What do the new Apple iPad and Google's Nexus One have in common? Both were DOA: Disappointing On Arrival. Neither lived up to its advance publicity. Both also turned out to be more fashion accessory than the revolutionary gizmo each portended to be.
Why is the iPad a disappointment? Because it doesn't allow us to do anything we couldn't do before. Sure, it is a neat form factor, but it comes with significant trade-offs, too. No 16:9 widescreen, for example.
The iPad is more evolutionary than revolutionary. People have noticed this, as even a quick scan of news stories about the iPad will quickly point out. I wonder: Has Steve Jobs' fabled reality distortion field finally failed its creator?
Per usual, critics were also quick to point out the myriad of things the iPad wasn't capable of. For instance, check out this rundown from the ocwebdesignblog back from January 2, 2010.
Things the iPad can't do:
1. No Camera, that's right, you can't take pics and e-mail them.
2. No Web Cam, that's right, no iChat or Skype Video chatting.
3. No Flash, that's right, you can't watch NBC, CBS, ABC, FOX or HULU.
4. No External Ports, such as Volume, Mic, DVI, USB, Firewire, SD card or HDMI
5. No Multitasking, which means only one App can be running at a time. Think iPhone = Failure.
6. No Software installs except Apps. Again think iPhone = Failure.
7. No SMS, MMS or Phone.
8. Only supports iTunes movies, music and Books, meaning Money, Money, Money for Apple.
9. WAY, WAY, WAY over priced.
10. They will Accessorize you to death if you want to do anything at all with it and you can bet these Accessories will cost $29.99 for each of them.
We've all heard countless opinions about whether Apple's new, mid-sized form factor will be a hit. There's no doubt that the iPad is a slick, sexy device, but I don't think it will be an overwhelming success.
In the end, I think that the iPad will eventually be regarded much like Apple TV - a product that Jobs should have left on the drawing boards.
The iPad is not the revolutionary product so many hoped it would be. Instead, the device is simply a tablet computer with a unique operating system and one very important element: the Apple name.
The fact that the iPad comes from Apple is the device's greatest virtue. Without that Apple logo on the back, the iPad wouldn't have garnered the kind of attention it did on Wednesday. Today, people wouldn't be talking about the device at water coolers. Thanks to Apple, a device that is not revolutionary in any way has reached a level of hype that no other product on the market can muster.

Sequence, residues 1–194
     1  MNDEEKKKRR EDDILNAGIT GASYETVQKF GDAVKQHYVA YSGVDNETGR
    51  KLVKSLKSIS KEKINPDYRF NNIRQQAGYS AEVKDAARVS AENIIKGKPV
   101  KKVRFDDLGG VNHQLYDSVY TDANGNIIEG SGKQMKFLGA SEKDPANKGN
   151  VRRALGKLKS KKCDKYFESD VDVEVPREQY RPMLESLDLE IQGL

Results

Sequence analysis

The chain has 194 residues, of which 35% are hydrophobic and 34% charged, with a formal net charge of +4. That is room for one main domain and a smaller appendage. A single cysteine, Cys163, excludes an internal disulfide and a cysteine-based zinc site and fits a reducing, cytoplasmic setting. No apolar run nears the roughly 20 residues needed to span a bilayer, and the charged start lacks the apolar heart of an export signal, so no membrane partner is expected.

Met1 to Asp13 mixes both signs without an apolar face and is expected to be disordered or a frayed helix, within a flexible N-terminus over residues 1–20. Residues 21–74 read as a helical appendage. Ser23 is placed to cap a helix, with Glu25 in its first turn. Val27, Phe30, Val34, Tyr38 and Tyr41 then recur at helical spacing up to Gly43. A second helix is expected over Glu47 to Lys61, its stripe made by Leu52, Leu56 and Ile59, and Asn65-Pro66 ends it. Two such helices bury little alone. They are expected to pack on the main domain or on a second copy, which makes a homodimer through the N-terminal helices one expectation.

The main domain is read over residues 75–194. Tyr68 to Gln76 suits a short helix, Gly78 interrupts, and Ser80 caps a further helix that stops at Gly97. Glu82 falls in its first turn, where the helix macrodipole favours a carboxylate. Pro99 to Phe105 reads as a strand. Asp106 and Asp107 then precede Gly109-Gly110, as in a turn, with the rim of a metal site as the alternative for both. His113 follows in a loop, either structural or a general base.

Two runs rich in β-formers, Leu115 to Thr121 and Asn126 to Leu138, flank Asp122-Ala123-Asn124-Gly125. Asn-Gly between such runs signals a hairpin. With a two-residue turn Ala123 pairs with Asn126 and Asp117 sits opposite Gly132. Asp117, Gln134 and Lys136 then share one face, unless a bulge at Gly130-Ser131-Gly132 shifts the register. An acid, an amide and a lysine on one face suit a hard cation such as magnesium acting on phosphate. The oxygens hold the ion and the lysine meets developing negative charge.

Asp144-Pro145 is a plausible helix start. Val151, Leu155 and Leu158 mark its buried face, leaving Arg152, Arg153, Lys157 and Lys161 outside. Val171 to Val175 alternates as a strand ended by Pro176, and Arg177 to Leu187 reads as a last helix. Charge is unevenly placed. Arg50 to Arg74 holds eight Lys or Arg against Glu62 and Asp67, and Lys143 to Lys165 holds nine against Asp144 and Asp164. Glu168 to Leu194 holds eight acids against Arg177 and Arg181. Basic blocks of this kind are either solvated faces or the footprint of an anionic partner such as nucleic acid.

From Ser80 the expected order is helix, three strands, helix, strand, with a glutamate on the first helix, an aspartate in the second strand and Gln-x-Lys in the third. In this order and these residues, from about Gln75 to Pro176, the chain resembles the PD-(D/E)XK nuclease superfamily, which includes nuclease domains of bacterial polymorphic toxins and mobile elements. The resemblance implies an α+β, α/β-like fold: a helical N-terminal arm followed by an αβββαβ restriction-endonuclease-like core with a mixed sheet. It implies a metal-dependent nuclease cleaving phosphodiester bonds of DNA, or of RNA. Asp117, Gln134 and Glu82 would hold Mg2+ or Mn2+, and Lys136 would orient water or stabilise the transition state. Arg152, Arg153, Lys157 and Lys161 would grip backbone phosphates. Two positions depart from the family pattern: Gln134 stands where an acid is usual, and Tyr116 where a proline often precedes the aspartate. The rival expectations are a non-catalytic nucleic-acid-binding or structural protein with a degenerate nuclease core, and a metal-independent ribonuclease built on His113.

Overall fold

You know, I'm a big believer in touch and digital reading, but I still think that some mixture of voice, the pen and a real keyboard - in other words a netbook - will be the mainstream on that," he said. "So, it's not like I sit there and feel the same way I did with iPhone where I say, 'Oh my God, Microsoft didn't aim high enough.' It's a nice reader, but there's nothing on the iPad I look at and say, 'Oh, I wish Microsoft had done it.'"
Nintendo President Satoru Iwata, New York Times, January 29, 2010
It was a bigger iPod Touch. I question whether those features would be enough to get people to buy new machines.
Thus, a reasoned analysis is that the iPad is to the iPhone & iPod Touch as the MacBook Air is to the MacBook. In other words, a cool product with a devoted base of happy customers, but in relative terms, a niche product in Apple's arsenal of rainmakers.
Charles Golvin, Forrester Research analyst, NYT on January 28, 2010
I think this will appeal to the Apple acolytes, but this is essentially just a really big iPod Touch.
Xbox co-founder and now HBO consumer technology head Otto Berkes wasn't as pessimistic as others were about the iPad, but took issue with the name and the screen size. Berkes' take is particularly interesting because he worked on Microsoft's Origami project.
A number of people have asked for my reaction to the iPad.
I will skip over the name which I think is terrible. iPad? Really?
Apple gets credit on execution and good packaging of available technology. That said, their thin slate is an unsurprising product in the context of an evolutionary timeline that spans decades of innovation and effort chasing the slate computing dream.
As a device, the iPad seems somewhat large and ungainly to me. With the 7"-display-based Haiku/Origami, I aimed for greater mobility in the tradeoff between mobility and display real estate. Not having a way to write on a pure slate device the size of piece of paper also seems pretty unnatural to me. One of the iPad demos shows a legal-pad background for note-taking, but then you have to use the on-screen keyboard. Say what? There's a real cognitive disconnect there. Of course, display size is highly subjective (hence the many variations in laptops) as is the relative importance of stylus functionality for different users and uses. There is plenty of room for continued development of and innovation with the slate form factor, and it will be interesting to see how the industry responds to Apple's interpretation.
It's not going to revolutionize anything, it's not going to replace netbooks, but it will find large and devoted audiences, particularly after the price drops and some features get added.
And as is typically the case, there were also naysayers down on the iPad before Apple even officially introduced it. For instance, check out this blurb from PC World's Bill Snyder from January 19, 2010.
Attention Apple fan-boys and -girls: Read no further. But if you run a small business and want to avoid wasting money and brain cells on superfluous technology, forget about the iSlate or whatever Apple is going to call its tablet computing device. It's going to be too expensive, it does things you don't need to do, and it will add a messy layer of complication to your company's computing infrastructure.